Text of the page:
Earlier this year, Dr. Ghulam Rasool, chief of psychiatry at Bolan Medical College in Quetta, was grabbed by six armed men in a crowded part of town. "Everyone looked on, but no one dared do anything," Rasool told BBC. Afterwards he was blindfolded and driven hours away to a secret location. He was freed more than two weeks later after his family paid a large ransom. "The ransom money my family had to arrange was big enough that nine months later, we are still paying for it," he said. "Because we are educated but weak members of this tribal society, we are seen as wealthy professionals and therefore have become a soft target for easy money…. I am still trying to get on with life. The only difference is I now have to carry private armed guards for my protection."

The Pakistan Tribune reported that some doctors may take the law into their own hands, or otherwise quit. Dr. Haqdad Tareen, chairman of a doctors’ steering committee in Quetta, told a news conference: “Doctors will establish a force for their security since the government is unable to take action against kidnappers and murderers. Second, doctors will jointly tender their resignations because they consider it better to stay alive rather than be victims of targeted killing and kidnapping.”

But some local doctors have simply decided it is best to leave than face such a dangerous environment – PMA estimates that over the past five years, 82 doctors from Baluchistan have fled to the Middle East and Europe. Suspicions are rampant that the local security forces are working hand in hand with the kidnappers, who pay them off and perhaps share in the spoils. Baluchistan is also facing a long-term insurgency by separatists -- a grim reality which gives security forces almost unlimited powers to abuse their authority.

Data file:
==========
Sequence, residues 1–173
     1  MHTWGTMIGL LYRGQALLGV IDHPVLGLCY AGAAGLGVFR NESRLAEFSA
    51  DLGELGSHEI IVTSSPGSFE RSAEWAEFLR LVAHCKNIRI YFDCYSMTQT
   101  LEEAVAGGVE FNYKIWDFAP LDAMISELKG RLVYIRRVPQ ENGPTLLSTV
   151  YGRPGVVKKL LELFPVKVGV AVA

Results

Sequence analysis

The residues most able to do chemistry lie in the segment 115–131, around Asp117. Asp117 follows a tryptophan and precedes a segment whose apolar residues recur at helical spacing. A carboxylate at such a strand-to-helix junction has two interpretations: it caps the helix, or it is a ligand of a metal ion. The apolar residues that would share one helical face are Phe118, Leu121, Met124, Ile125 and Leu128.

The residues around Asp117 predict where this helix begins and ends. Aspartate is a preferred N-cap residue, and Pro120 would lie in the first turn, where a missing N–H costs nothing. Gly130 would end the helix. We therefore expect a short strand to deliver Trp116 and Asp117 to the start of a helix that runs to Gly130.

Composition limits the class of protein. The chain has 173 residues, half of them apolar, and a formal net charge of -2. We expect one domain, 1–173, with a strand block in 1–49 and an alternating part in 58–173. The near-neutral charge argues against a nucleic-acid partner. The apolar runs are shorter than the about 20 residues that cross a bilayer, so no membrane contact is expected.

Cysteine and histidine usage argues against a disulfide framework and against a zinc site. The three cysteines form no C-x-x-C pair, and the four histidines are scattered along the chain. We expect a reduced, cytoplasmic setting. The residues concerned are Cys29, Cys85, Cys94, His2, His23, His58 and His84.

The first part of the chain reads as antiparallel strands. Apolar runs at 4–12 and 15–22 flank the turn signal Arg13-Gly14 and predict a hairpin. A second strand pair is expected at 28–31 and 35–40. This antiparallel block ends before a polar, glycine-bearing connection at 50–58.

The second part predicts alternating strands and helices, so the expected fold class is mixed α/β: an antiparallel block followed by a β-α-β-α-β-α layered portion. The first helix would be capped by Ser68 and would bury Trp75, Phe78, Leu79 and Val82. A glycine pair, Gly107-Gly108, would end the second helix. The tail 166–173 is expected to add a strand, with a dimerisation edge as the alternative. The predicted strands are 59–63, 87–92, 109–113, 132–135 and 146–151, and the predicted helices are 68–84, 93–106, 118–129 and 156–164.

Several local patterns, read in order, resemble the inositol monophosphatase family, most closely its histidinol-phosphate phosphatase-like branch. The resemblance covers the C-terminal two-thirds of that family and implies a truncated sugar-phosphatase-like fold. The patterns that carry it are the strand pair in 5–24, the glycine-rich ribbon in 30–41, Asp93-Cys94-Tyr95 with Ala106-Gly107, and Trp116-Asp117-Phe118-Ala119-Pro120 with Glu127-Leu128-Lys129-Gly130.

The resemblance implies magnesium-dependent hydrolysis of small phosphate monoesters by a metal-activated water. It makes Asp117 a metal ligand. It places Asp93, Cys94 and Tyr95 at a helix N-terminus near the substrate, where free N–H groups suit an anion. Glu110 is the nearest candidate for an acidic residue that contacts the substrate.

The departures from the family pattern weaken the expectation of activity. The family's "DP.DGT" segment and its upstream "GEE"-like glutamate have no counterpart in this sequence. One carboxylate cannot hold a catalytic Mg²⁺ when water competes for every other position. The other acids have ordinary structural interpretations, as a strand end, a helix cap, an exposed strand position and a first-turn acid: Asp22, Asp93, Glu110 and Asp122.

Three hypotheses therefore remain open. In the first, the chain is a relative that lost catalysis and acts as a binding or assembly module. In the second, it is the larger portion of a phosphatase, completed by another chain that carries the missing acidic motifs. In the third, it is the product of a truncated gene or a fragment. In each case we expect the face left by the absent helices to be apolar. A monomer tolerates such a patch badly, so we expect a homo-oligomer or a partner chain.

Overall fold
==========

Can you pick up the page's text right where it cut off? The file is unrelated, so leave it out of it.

Pakistan not only has a shortage of doctors, but spends an abysmally small proportion of its federal budget on health care --- meaning doctors depart the country for money as well. “Unfortunately public health is a neglected field in our country. More manpower and resources must be allocated to this sector,” Dr. Raja Amjad Mehmood of the Pakistan Medical and Dental Council said at a conference at the School of Public Health at the Dow University of Health Sciences in Karachi. Mehmood indicated that Pakistan’s total expenditures on health care amounted to 2.6 percent of GDP, while the public health sector received only 0.86 per cent of GDP.

Dr. Nadir Abbas, who is currently working in Wales, explained in an op-ed in the Tribune why he departed his native Pakistan. “We live in a country where 10,000 people are attended to by just one physician on average,” he wrote. “Fifteen thousand doctors leave the country every year." It is not surprising that the U.S., U.K. and now the Middle East have become the biggest importers of Pakistani doctors, Abbas noted, “with the latter [Gulf states] now even recognizing Pakistani doctors without any further examinations and giving them 20 times the amount of remuneration that they could have ever received in Pakistan.”